Wed 5th – Sun 30th August 2015


Liam Marchant

at 02:21 on 10th Aug 2015



Forget Southpaw, if you see one grit-fuelled boxing drama this summer make sure it’s Cornermen at Pleasance Courtyard – a play as beautifully performed as it is well-written. I would call it a ‘knockout’, but firstly I would never be able to forgive myself, and secondly the piece is far too tender and sincere for such a lame pun.

The narrative of Mickey Donovan (James Barbour), a veteran boxer turned manager, as well as his two trainers, Drew (Jesse Rutherford) and Joey (Oliver Forsyth), form the eponymous cornermen who brawl just as much as their prize fighter, Sid (Andrew Livingstone).

After the cornermen take a risk and sign up Sid, an unknown amateur fighter, the boxer enjoys a rocket-propelled ascent up through the welterweight ranks culminating in a prize fight at Wembley. What should be a painstakingly obvious storyline fitting for any script about sport is electrified by characters who defy all the tired boxing tropes as well as exchanges as forcefully succinct as Sid’s left upper-cut.

‘It’s cyclical this boxing game, keeps on turning’, Mickey sombrely announces in an opening monologue on the twists and turns of Fortuna’s wheel in the sport. Perhaps luck does determine a fair proportion of the success of a boxer’s career, however, Mickey is being just a tad disingenuous here. The internal and external conflicts that Sid finds himself embroiled in throughout Cornermen actually appear to stem in the most part from the utilitarian, money-making framework of the sporting world.

Luck plays a part, yes, but as Drew notes, Sid had ‘so much luck that when it ran out we saw just how out of his depth he was’ – a depth to which he sinks with the ten-tonne weights of management and commercial pressure chained to his legs.

Every performance in Cornerman is wonderful, in particular, Oliver Forsyth (also the playwright behind this fine piece) who shines as Joey, a trainer caught between resentment for his own failed sparring career and a dependence on Sid’s prosperity for his own. Likewise, Jesse Rutherford performs admirably in the role of Drew, the moral conscience of the training unit.

Depite Forsyth’s thorough knowledge of the sport beaming forth through the technical terms and expressions that riddle the script, an interest in boxing is not necessary to enjoy the play. If you're faintly intrigued by the nature of human triumph, ambition, self-doubt, and pride, you'll be floored Cornermen.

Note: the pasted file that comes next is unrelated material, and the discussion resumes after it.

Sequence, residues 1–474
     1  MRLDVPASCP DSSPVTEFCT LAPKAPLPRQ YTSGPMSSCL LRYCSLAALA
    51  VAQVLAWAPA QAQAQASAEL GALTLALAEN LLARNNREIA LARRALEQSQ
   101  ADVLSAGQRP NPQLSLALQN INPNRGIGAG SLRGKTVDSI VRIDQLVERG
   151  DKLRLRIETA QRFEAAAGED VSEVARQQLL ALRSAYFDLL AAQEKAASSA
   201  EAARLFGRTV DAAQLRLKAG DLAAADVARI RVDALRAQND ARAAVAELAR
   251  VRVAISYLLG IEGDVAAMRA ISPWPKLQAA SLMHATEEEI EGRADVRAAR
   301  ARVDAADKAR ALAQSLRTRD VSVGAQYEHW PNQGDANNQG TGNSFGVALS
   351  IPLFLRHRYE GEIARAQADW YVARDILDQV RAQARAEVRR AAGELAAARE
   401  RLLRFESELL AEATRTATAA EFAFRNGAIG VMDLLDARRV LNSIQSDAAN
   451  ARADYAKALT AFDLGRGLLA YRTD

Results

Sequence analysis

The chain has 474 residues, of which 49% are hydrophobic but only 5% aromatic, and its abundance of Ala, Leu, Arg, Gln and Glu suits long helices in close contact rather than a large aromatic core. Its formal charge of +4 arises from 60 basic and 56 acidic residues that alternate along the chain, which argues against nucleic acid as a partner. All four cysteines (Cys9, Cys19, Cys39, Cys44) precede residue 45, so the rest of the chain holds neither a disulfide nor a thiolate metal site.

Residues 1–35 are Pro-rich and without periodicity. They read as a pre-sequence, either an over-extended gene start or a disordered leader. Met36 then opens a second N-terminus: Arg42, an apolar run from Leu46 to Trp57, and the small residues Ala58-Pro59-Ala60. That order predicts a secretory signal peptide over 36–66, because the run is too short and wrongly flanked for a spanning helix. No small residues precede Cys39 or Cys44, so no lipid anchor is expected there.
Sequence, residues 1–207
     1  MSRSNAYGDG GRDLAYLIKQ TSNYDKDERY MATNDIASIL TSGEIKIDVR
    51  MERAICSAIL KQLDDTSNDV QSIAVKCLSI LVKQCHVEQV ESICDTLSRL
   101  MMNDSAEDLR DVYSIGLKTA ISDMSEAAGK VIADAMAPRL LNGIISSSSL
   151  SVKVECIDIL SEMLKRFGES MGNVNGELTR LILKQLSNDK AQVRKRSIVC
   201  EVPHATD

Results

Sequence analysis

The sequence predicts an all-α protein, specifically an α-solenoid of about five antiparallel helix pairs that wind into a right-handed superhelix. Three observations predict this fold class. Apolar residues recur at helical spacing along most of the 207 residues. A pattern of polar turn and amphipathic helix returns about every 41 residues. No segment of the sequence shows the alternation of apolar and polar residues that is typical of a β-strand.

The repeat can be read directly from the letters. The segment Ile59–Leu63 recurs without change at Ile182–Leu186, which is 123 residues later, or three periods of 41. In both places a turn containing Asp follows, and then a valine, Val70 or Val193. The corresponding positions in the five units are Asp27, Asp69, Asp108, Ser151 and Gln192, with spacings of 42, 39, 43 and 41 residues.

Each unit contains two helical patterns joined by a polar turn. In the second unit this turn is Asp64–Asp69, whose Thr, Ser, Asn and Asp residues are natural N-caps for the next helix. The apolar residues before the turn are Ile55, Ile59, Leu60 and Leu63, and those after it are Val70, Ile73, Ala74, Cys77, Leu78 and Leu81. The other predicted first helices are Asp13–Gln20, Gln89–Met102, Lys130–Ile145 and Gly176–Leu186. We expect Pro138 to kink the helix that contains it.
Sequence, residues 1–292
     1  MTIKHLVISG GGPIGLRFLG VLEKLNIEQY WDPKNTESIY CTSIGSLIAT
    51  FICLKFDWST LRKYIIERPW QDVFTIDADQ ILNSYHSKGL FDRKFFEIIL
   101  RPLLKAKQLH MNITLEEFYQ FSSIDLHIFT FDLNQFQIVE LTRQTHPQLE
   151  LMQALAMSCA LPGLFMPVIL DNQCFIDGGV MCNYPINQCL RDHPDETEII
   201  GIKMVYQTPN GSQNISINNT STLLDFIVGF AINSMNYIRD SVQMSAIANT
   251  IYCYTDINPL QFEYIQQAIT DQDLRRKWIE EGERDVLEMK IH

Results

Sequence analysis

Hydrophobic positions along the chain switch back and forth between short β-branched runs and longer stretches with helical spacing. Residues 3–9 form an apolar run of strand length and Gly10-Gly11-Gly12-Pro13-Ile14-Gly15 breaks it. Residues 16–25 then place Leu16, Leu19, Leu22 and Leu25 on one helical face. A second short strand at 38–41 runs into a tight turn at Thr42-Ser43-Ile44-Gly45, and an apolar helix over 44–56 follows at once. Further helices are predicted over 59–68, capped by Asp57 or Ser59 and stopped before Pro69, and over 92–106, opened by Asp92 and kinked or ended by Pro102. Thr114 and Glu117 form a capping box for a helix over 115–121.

Beckie Rutherford

at 03:42 on 10th Aug 2015



Boxing is one of those marmite sports and as the subject matter of a dramatic performance it could easily be dull and inaccessible. However, the vitality of the four characters in Cornermen prevents this from being the case. It strikes a poignant balance between roughness and sensitivity and thankfully is nowhere near as blokey as you would expect.

This new production from the critically acclaimed Smoke & Oakum Theatre Company does an excellent job of propelling its audience into the fast-paced world of boxing. Don’t be surprised to find yourself leaving the heady intimacy of the small theatre feeling a great deal more knowledgeable than before – an added bonus which is clearly due to the scriptwriter Oliver Forsyth’s own experience as an amateur boxer.

The plot itself follows the roller-coaster rise of a dull-witted but fiercely talented young boxer, Sid Sparks (Andrew Livingstone). Although Sid is the star in that respect, at the heart of the play is the dynamic between his three coaches, which evolves into something quite tender as the story unfolds. James Barbour stands out as Mickey - a kind of lovable Phil Mitchell – who is initially full of his own self-importance but becomes an increasingly fatherly figure. Forsyth himself takes on the role of Joey, a typical clown who the audience really warm to. The character of Drew, played by Jesse Rutherford, is less charismatic but the sharpest of the three, and the one who warns against pushing Sid too far to reach the top.

The humour throughout the play is very well timed and there are some truly hilarious moments. The dialogue between the three coaches as they prepared for a party was laugh-out-loud. Later on the contrast between monosyllabic Sid and a flamboyant American actor on a chat show had some audience members rolling in their seats. However, the overall humorous take on the violent nature of boxing is dubious. Although all of the actual fighting is cleverly alluded to offstage, Joey’s description of the blood pouring from an opponent’s eye is gruesome and yet strangely poetic. Such apt descriptive barbarism is highly effective, but will definitely not be to everyone’s taste.

It feels slightly uncertain at the end of the performance whether or not the main aim was to appreciate the art of boxing as a sport or to become disillusioned by the corruption and exploitation of the industry. A mixture of the two was probably the intention, and indeed that is the bittersweet atmosphere that the audience are left with when the curtain goes up. Overall though this is thorough and thoughtful entertainment and definitely worth giving your time to.


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